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Horror master Cronenberg makes art out of kidney stones


Canadian filmmaker David Cronenberg has shocked audiences for decades with his graphic “body horror” films, but now he’s gone a step further by creating art from his own interior.


The director is auctioning off an image of his recently removed kidney stones just in time for the release of his latest film

‘Crimes of the Future’, in competition for the Palme d’Or at Cannes next month.

“My doctor said, ‘You know, I’d like to have your kidney stones so we can do a chemical analysis and see if there’s something in your diet that caused your body to create this,'” he said. the director to an online forum. of his fans.

He said he refused because the analysis would destroy the objects.

“I think they’re too beautiful to destroy,” he said, adding that he felt a “closeness” to them.

“After all, it’s quite intimate, it comes from inside my body.”

The image, called “Inner Beauty”, is being sold as a digital token (NFT) with a starting bid of the equivalent of around $30,000 needed to start a 24-hour auction. No one has yet agreed to pay this price.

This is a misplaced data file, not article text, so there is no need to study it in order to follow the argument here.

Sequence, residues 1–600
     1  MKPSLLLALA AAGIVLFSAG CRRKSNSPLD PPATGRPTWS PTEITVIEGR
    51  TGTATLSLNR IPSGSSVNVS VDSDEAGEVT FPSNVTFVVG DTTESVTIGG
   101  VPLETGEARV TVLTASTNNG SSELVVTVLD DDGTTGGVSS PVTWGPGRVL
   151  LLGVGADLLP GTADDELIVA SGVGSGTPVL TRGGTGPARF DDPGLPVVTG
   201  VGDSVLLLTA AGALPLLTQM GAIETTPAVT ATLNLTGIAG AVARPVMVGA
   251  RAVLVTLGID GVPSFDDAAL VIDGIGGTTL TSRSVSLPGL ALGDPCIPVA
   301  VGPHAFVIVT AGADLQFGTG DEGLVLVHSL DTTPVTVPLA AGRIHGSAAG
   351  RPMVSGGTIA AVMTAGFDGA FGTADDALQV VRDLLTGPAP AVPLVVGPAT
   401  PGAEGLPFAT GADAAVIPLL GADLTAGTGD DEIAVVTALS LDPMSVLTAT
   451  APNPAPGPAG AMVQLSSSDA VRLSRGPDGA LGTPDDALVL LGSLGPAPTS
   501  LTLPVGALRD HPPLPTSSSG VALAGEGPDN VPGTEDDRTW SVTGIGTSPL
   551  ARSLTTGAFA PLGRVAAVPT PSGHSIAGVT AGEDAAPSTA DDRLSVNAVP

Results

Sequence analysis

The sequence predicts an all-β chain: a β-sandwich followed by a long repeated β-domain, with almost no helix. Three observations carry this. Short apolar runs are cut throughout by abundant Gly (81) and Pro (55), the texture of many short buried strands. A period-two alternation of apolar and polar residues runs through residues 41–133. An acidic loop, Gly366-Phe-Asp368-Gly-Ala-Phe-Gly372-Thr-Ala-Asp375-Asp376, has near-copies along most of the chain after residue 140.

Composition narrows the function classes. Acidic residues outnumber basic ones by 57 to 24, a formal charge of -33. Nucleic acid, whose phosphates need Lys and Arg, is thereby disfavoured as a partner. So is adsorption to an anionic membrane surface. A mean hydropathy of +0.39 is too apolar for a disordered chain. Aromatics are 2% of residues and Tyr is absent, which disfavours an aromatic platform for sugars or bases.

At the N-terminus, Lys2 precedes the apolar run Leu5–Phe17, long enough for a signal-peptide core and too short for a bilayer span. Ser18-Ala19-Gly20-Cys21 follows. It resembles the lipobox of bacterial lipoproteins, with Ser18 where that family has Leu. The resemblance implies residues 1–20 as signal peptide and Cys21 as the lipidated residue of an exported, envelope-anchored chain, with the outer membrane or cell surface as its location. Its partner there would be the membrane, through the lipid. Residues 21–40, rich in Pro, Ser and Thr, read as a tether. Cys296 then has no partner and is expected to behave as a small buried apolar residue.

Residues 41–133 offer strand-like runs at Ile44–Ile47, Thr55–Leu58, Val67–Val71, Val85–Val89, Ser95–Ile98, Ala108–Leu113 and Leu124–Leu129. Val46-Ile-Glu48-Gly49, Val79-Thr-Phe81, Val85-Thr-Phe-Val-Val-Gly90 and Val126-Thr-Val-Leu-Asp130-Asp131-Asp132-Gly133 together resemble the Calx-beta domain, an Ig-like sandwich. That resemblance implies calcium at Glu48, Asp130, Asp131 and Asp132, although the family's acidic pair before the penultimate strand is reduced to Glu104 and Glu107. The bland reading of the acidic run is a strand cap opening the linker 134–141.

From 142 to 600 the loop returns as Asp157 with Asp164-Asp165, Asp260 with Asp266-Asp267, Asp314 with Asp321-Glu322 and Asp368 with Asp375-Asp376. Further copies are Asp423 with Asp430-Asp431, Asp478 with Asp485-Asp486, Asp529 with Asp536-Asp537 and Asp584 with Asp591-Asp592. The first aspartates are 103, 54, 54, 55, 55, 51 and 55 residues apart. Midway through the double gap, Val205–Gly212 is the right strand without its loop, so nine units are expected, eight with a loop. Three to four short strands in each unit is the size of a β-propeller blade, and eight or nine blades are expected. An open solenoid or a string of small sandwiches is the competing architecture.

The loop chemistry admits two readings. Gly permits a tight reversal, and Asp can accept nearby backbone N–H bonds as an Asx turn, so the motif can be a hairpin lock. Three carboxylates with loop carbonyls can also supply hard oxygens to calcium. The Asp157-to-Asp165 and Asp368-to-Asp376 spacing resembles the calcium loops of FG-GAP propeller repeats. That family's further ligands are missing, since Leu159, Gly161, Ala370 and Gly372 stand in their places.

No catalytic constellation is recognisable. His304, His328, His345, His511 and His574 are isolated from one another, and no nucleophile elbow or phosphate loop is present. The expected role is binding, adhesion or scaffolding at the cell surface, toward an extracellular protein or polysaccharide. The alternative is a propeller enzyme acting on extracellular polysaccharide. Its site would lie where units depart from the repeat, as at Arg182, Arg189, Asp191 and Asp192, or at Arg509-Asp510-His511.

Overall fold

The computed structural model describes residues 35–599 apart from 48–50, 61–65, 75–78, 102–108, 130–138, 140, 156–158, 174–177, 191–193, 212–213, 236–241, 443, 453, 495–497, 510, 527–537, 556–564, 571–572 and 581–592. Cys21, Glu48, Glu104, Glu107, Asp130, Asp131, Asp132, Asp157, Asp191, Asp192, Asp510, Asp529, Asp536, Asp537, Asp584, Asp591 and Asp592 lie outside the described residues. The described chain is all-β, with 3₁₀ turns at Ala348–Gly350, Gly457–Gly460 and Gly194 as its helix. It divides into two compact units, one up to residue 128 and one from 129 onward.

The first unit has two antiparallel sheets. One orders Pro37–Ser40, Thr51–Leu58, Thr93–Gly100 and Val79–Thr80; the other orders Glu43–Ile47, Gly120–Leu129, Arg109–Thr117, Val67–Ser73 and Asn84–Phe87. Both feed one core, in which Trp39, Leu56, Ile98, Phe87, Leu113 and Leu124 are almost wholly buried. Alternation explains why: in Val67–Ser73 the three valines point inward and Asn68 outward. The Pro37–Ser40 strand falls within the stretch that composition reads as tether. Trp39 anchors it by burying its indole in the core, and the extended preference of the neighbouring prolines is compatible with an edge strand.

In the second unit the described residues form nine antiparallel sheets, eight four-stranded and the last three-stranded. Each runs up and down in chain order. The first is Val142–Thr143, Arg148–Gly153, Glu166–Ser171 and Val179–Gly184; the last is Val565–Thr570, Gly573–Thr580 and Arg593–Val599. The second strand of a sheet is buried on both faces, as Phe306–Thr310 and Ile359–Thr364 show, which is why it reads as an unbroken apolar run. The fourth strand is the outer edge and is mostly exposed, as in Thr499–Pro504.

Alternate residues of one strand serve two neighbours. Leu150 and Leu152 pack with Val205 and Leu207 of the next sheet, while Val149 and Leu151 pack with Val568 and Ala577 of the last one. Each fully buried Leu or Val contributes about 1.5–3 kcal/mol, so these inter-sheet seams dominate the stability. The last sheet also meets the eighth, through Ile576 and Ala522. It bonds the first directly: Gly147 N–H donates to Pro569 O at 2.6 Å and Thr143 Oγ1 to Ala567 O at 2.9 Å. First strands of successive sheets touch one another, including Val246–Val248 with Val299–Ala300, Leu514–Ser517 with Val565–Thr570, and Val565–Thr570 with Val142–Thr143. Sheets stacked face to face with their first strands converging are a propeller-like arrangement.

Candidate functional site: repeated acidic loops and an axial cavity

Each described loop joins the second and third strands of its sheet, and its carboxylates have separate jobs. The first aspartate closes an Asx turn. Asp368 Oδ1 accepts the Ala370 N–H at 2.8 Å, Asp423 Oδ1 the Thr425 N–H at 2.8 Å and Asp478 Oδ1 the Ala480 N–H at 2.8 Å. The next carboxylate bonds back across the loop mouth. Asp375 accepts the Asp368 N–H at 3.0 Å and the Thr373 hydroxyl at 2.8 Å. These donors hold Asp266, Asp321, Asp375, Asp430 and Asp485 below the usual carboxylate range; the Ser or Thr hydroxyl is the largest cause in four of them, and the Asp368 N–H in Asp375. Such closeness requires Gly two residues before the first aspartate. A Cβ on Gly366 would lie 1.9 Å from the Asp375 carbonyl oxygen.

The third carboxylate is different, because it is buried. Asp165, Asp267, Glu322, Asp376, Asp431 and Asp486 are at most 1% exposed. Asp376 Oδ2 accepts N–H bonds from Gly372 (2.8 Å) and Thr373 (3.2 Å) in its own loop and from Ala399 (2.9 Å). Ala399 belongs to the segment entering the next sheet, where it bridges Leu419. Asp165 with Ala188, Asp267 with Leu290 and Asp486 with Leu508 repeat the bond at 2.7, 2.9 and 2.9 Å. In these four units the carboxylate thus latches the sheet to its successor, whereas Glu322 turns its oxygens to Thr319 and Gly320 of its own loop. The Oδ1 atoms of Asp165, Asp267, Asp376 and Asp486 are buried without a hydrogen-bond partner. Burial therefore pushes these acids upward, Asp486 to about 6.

The 79-year-old author has pushed the boundaries of taste and tested the patience of censors throughout a five-decade career that has been fixated on the idea of ​​humans as guinea pigs, transformed by technology and its environment.

The director won plaudits for classic horrors like “Scanners” (1981) and “The Fly” (1986).

But he told fans at a forum hosted by the NFT SuperRare marketplace that the inspiration for his kidney stone project came from his 1988 film “Dead Ringers,” in which Jeremy Irons played twin boys, both gynecologists.

“At one point, one of the twins said to the other, ‘I don’t understand why there aren’t beauty contests for the insides of bodies. The most beautiful spleen, the best kidney,” he said.

The artwork is also, he said, a reference to his new film, which stars Viggo Mortensen as a self-operating performance artist.

Cronenberg has dabbled in NFTs in the past, selling a one-minute movie called “The Death of David Cronenberg” for over $75,000 at today’s prices.

Burgeoning artist communities are trying to mine tokens as a way to spread their art, and some have sold for millions of dollars.

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